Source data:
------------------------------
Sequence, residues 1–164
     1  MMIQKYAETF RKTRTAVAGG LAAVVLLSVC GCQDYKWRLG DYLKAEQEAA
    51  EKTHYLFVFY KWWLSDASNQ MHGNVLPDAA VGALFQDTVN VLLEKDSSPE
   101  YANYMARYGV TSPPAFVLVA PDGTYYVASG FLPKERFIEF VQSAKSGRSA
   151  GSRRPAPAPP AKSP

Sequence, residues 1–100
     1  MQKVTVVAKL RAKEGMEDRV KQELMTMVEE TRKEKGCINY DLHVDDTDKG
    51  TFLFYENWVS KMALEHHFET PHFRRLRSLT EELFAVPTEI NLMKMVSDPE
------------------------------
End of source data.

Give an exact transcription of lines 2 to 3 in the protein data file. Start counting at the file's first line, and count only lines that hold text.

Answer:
     1  MMIQKYAETF RKTRTAVAGG LAAVVLLSVC GCQDYKWRLG DYLKAEQEAA
    51  EKTHYLFVFY KWWLSDASNQ MHGNVLPDAA VGALFQDTVN VLLEKDSSPE